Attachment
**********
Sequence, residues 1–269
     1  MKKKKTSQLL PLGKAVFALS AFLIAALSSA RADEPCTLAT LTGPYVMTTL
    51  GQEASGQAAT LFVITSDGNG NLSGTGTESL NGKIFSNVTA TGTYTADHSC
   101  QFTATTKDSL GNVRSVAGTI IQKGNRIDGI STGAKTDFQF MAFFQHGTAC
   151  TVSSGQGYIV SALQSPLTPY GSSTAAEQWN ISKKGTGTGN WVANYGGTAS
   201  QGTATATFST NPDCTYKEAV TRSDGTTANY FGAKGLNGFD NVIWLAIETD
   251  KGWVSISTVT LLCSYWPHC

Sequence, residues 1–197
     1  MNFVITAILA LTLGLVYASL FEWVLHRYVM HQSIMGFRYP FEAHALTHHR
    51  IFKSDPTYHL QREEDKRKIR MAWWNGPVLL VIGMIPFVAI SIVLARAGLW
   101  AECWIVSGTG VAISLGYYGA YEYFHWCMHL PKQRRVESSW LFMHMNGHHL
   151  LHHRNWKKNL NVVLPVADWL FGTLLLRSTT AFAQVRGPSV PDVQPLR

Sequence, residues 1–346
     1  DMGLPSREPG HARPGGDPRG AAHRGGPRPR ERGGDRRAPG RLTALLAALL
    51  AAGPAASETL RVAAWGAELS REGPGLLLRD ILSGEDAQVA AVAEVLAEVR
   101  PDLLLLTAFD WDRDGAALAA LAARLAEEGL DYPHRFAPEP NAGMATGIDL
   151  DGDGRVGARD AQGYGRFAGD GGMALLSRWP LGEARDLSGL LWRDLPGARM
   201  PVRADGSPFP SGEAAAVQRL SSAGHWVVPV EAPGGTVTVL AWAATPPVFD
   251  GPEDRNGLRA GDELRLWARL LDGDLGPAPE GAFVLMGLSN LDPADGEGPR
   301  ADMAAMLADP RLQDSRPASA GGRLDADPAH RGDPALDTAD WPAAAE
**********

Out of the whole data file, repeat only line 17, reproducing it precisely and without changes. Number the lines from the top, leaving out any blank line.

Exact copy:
   151  DGDGRVGARD AQGYGRFAGD GGMALLSRWP LGEARDLSGL LWRDLPGARM